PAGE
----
Iowa Crop Progress and Condition Report

May 8 – 14, 2023

DES MOINES, Iowa (May 15, 2023) — Iowa Secretary of Agriculture Mike Naig commented today on the Iowa Crop Progress and Condition Report released by the USDA National Agricultural Statistics Service. The report is released weekly April through November. Additionally, the Iowa Department of Agriculture and Land Stewardship provides a weather summary each week during this time.

“We had unseasonably warm and wet conditions last week across most of the state as several rounds of severe weather brought measurable rain, hail, high winds and reports of 11 weak tornadoes,” said Secretary Naig. “Farmers should have a window of opportunity in the coming week to make more planting progress, as forecasts indicate drier conditions and more seasonal temperatures.”

The weekly report is also available on the USDA’s website at

Crop Report

Warm, but wet, weather meant Iowa farmers had just 3.6 days suitable for fieldwork during the week ending May 14, 2023, according to the USDA, National Agricultural Statistics Service. The warmth helped crop emergence this week; however, the wet conditions marginally slowed planting progress. Farmers were still planting corn, soybeans, and oats during the dry periods of the week. Other reports of interest were concerns for isolated flooding and for a swath of large hail across the central portion of the State.

Topsoil moisture condition rated 3 percent very short, 14 percent short, 76 percent adequate and 7 percent surplus. Subsoil moisture condition rated 6 percent very short, 23 percent short, 68 percent adequate and 3 percent surplus.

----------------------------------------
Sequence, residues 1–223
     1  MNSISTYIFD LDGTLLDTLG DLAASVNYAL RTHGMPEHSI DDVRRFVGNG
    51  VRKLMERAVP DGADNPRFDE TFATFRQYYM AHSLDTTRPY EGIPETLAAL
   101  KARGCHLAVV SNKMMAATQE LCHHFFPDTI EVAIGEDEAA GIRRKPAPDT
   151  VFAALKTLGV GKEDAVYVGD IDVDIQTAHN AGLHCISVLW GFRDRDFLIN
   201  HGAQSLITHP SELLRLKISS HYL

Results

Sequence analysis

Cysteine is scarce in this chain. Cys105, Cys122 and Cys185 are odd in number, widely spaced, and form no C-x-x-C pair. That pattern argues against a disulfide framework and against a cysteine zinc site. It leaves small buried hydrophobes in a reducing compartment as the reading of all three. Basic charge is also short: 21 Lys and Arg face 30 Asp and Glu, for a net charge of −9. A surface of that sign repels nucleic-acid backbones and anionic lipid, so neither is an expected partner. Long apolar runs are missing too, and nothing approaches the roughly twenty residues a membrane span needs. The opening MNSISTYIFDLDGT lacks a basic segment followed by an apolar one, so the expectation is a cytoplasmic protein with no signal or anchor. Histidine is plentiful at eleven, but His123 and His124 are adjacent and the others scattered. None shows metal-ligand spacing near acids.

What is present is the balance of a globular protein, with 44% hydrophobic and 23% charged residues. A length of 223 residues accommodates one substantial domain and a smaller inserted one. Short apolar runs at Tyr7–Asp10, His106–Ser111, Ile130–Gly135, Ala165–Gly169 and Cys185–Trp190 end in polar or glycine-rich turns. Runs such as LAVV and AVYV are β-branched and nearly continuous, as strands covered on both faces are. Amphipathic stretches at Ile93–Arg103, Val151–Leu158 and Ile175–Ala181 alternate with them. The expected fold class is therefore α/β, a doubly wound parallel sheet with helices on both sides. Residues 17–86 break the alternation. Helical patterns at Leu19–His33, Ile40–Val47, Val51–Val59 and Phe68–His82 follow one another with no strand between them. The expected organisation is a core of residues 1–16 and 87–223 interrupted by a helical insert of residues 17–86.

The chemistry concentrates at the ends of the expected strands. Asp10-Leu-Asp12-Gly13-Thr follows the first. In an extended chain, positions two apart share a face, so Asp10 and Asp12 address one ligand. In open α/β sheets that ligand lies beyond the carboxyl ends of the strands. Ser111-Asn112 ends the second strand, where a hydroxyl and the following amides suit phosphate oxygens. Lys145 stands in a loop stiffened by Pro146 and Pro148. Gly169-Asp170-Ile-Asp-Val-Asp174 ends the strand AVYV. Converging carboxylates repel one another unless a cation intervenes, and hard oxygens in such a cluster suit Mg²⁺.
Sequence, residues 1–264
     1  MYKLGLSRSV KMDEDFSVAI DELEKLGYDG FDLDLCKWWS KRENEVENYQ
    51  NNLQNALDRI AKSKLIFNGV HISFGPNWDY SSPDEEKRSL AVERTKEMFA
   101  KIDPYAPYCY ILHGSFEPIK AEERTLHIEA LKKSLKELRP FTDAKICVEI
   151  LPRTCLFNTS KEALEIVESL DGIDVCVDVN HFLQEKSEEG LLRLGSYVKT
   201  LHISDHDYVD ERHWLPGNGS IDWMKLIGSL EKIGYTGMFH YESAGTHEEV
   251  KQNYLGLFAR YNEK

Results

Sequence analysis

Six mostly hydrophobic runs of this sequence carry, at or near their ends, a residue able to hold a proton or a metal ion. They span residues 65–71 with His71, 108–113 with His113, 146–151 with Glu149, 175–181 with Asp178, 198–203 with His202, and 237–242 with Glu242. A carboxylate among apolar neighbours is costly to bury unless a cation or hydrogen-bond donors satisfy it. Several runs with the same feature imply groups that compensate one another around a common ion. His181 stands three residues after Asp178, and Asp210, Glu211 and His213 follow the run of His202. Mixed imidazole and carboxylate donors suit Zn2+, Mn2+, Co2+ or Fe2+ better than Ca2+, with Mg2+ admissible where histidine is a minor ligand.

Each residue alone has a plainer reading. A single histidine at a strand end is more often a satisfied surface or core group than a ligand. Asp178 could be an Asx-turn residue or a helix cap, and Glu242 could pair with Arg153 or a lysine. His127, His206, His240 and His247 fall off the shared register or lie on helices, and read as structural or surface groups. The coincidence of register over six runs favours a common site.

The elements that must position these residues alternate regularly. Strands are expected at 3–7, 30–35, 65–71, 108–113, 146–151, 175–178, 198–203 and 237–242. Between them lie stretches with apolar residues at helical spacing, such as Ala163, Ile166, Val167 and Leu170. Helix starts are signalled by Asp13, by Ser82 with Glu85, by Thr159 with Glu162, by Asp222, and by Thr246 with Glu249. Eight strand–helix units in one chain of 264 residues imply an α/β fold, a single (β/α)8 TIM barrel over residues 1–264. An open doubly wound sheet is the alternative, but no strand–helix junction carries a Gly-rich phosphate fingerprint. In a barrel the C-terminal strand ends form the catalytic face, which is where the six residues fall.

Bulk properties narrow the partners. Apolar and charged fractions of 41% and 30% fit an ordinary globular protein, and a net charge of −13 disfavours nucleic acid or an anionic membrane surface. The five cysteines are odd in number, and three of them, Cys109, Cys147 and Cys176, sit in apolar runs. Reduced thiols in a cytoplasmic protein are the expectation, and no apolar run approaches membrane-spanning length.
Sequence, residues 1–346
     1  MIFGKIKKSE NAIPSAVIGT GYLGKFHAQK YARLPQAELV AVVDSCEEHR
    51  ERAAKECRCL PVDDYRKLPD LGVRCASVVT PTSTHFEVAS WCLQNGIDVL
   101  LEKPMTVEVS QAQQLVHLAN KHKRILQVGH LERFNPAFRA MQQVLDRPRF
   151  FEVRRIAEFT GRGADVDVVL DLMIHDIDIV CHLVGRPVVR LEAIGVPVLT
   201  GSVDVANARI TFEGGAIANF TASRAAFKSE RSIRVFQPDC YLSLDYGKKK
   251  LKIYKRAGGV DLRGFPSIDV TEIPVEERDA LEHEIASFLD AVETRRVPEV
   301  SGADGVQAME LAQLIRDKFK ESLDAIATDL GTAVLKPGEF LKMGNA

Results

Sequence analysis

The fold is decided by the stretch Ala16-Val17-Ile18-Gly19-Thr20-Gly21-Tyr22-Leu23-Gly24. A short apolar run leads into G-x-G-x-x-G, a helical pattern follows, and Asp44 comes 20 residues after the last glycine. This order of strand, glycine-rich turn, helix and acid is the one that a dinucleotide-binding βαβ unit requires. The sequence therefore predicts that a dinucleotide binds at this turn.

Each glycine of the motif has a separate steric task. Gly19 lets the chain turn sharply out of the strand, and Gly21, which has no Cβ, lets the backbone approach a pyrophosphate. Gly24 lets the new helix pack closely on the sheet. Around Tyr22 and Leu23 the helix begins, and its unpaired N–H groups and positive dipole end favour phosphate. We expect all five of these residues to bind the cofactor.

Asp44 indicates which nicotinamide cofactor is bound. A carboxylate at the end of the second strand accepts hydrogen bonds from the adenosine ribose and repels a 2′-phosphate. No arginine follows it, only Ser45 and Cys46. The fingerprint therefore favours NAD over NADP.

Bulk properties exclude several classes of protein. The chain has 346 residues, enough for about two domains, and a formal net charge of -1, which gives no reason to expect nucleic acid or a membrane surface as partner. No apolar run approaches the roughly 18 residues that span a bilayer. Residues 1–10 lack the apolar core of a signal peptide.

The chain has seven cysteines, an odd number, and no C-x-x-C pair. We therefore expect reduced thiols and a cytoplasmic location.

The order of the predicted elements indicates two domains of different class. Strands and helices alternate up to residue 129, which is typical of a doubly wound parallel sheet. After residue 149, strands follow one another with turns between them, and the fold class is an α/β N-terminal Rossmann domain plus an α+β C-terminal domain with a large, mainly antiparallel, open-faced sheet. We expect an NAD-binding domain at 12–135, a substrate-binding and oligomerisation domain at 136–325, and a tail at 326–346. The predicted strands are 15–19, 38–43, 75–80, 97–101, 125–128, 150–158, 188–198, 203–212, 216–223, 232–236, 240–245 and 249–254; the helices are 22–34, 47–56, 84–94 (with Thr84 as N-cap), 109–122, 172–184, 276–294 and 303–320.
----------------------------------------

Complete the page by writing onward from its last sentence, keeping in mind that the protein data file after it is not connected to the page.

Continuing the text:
Eighty-six percent of Iowa’s expected corn crop has been planted, 8 days ahead of last year and 1 week ahead of the 5-year average. Thirty-five percent of the corn crop has emerged, 6 days ahead of last year and 2 days ahead of the average.  One-fifth of Iowa’s expected soybean crop was planted during the week ending May 14, 2023, for a total of 69 percent planted, just over a week ahead of both last year and the average. Nineteen percent of soybeans have emerged, 9 days ahead of last year and 5 days ahead of normal. Nearly all the oat crop has been planted with 83 percent emerged, 9 days ahead of last year and 5 days ahead of the average. The first oat condition rating of the season was 1 percent very poor, 2 percent poor, 20 percent fair, 64 percent good and 13 percent excellent. Hay condition improved to 72 percent good to excellent. Pasture condition jumped to 53 percent good to excellent. Reports of livestock turned out to pasture and grazing were received.

Weather Summary
Provided by Justin Glisan, Ph.D., State Climatologist, Iowa Department of Agriculture and Land Stewardship

Iowa experienced unseasonably wet conditions as a very active storm track brought several waves of showers and thunderstorms to Iowa. Multiple rounds of severe storms produced large hail, gusty winds and weak tornadoes along with heavy rains. Stations across northern Iowa registered rain totals of two to six inches above average. Temperatures were also unseasonably warm with departures from four to 10 degrees east to west; the statewide average temperature was 66.9 degrees, 7.7 degrees above normal.